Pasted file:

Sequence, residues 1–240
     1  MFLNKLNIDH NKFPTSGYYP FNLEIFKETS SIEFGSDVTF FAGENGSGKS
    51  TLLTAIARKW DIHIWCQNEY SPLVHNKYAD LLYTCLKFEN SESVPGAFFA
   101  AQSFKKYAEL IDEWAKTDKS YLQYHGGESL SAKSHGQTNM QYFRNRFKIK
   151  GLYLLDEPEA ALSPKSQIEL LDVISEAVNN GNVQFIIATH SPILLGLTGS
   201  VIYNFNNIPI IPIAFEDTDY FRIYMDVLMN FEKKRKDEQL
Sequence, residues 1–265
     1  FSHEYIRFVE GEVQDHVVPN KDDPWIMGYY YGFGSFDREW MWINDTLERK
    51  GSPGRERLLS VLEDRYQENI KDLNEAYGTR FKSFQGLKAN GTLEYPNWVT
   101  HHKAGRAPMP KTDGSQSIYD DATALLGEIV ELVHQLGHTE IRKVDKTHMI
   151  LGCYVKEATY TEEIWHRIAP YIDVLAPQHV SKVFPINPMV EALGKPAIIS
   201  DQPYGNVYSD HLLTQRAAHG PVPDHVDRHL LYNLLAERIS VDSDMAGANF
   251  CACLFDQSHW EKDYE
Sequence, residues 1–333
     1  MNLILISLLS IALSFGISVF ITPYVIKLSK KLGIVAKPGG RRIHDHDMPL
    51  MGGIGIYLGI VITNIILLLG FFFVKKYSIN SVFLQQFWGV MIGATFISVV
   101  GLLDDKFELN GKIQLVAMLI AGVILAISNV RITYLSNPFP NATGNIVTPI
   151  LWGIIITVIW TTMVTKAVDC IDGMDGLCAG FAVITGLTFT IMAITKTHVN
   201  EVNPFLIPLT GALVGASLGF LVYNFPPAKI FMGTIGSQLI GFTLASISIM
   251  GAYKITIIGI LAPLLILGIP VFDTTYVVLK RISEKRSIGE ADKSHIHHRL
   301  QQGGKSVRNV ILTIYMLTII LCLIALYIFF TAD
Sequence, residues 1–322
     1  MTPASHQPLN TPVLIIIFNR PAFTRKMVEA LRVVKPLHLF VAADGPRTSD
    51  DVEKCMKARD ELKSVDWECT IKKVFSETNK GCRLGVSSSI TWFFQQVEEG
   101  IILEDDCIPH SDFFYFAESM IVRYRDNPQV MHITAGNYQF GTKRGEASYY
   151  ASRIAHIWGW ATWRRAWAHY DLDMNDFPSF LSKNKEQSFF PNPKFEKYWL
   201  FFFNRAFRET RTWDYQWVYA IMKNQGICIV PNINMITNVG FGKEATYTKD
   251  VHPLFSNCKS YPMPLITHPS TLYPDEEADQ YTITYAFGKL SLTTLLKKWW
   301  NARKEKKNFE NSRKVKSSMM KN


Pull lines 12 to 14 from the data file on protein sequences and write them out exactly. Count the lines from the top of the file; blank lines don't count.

   201  DQPYGNVYSD HLLTQRAAHG PVPDHVDRHL LYNLLAERIS VDSDMAGANF
   251  CACLFDQSHW EKDYE
Sequence, residues 1–333